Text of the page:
5 Tips for Healthier Family Meals
5 Tips for Healthier Family Meals

5 Tips for Healthier Family Meals

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Among the struggles all parents face — saving for college, paying for the orthodontist, negotiating bedtimes and simply putting up with the attitude — is getting their kids to eat healthfully. Combine your busy schedule and a vast array of junk food marketed specifically to them, and its no wonder that you feel as though it’s easier to monitor their Internet usage than their food choices.

The number one way to get your children to make smart food choices? Eat with them, at least once a day. Several studies have found that kids who dine with their families frequently — at least five times a week — eat more healthfully overall, with various research pointing to higher consumption of fruits, vegetables, grains and calcium-rich foods; lower levels of less nutritious foods, and even fewer soft drinks.

If you think these results are just because those youngsters have a parent breathing down their neck about finishing their vegetables, consider this: The benefits of eating together, other research says, carry into adulthood. As teens mature into young adults, those who ate regularly with their families in middle and high school continue to consume more nutritious diets when they venture into the wide world on their own.

What makes a meal a “family meal”? It’s more than everyone chowing down in the car together; the research emphasizes that the benefits are reaped from making mealtime a priority, providing rules and structure to the event, and maintaining an enjoyable atmosphere.

Here are five tips for making family mealtime possible and positive:

1. Plan your meals. Given the intricacies of coordinating social, school and work schedules, creating a meal plan for the week and identifying the times you can all sit down together is an absolute requirement for getting together. Dinners together don’t have to be elaborate — a quick shrimp-and-vegetable stir-fry or grilled chicken over salad will fuel your family in a healthy way and work with your hectic schedules. “Create a weekly or even monthly schedule,” advises Mira Ilic, MS, RD, LD, a clinical dietitian at the Cleveland Clinic. “Think about what you can prepare ahead of time and freeze.”

2. Think beyond dinner. “Eating together doesn’t necessarily mean dinner,” notes Elyse Falk, RD, MS, CDN, a dietitian who counsels families and teens in Westchester County, New York. “That can put too much pressure on everyone.” She suggests trying to start the day by all eating breakfast together. The bonus: You’ll help instill the habit of eating the most important meal of the day. In a review of studies published in the Journal of the American Dietetic Association, researchers found that kids who regularly ate breakfast not only had better overall nutrition but also were less likely to be overweight. Additionally, the evidence suggests that breakfast-eaters had improved memory, test scores and school attendance!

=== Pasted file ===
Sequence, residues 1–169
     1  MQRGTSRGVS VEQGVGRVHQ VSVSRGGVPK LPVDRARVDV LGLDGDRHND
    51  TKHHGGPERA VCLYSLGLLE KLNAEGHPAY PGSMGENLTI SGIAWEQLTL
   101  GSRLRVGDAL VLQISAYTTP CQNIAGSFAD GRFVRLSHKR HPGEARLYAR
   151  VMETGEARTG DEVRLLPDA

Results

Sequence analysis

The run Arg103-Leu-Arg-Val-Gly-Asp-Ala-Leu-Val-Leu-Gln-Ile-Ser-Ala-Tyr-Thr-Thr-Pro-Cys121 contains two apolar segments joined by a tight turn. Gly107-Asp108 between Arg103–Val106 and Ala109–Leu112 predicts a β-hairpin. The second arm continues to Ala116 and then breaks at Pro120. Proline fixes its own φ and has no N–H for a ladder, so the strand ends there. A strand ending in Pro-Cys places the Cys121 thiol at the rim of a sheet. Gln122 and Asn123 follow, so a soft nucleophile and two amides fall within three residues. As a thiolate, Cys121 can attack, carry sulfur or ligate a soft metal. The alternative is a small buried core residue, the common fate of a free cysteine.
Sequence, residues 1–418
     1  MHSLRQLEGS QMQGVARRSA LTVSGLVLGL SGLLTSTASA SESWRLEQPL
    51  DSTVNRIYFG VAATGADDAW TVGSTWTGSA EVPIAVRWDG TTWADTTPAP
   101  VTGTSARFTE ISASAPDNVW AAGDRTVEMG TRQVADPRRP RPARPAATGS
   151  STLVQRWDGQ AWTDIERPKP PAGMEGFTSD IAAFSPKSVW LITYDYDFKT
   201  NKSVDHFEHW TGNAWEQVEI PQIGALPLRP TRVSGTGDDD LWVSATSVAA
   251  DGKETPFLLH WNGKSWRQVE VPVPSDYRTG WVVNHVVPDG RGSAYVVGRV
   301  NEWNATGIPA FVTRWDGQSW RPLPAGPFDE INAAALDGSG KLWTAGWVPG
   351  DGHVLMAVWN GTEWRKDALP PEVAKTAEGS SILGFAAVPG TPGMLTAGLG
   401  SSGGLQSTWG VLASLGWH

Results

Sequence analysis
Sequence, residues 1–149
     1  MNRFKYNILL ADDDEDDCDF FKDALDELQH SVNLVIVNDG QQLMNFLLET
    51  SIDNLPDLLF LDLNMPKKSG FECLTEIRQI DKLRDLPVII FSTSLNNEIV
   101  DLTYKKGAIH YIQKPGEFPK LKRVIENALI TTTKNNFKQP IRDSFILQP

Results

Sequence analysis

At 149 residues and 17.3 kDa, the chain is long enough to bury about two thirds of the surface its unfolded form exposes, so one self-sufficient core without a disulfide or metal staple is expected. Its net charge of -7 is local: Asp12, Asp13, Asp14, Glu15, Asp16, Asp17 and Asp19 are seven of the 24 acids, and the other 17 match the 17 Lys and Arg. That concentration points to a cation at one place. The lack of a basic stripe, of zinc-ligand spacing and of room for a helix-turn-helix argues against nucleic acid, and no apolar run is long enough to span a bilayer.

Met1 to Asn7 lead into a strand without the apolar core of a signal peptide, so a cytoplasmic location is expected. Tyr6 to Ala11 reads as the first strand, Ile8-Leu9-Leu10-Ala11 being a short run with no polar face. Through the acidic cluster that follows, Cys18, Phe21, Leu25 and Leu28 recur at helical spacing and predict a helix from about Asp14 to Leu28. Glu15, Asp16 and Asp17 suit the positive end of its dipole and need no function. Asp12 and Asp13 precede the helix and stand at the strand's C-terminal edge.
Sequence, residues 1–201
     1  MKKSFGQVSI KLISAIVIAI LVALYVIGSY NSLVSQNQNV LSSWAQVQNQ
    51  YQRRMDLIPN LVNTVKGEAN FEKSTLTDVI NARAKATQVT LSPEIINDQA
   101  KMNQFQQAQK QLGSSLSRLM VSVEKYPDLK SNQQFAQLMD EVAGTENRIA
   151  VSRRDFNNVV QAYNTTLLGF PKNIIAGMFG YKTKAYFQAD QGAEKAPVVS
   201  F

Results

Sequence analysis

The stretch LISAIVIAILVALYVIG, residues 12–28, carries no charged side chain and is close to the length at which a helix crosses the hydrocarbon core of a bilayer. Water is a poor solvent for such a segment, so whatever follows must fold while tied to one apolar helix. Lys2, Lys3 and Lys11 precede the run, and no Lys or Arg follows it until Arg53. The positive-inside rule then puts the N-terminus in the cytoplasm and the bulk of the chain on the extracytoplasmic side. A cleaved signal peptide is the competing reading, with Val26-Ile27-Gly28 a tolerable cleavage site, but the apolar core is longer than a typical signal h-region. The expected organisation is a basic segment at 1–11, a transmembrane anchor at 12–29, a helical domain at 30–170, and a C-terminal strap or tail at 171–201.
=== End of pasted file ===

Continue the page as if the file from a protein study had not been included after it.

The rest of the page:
3. Make one meal. Serve the same food to kids and adults. One of the reasons to eat together, says Falk, is modeling behavior for kids to adopt. “It’s really important for kids to see their parents eating the same thing as they are. They need to see you having the green vegetable, the red vegetable, so they’ll try it themselves.” If you’re working on making healthful changes in your own diet, this is a chance to extend that to the whole family, notes Ilic — if you’re trying to add in more whole grains, for instance, introduce pasta made with whole grain for the entire family.

4. Pre-plate everyone’s dish. A family meal doesn’t have to mean eating family style, with everyone helping themselves out of a common serving dish. As Ilic notes, proper portion control is one of the behaviors you can pass on to your kids by engaging in it yourself. Serving food on individual plates makes this easier and helps everyone get a better feel of how much is enough. You’ll also make sure that the vegetables don’t get passed up!

5. Turn off the TV. Research from the University of Minnesota reveals that kids who ate meals with their families while watching television had less nutritious diets than those who dined without the boob tube on. TV-watching boys ate fewer vegetables and grains and drank more soft drinks, and girls ate fewer dark vegetables and more fried food.

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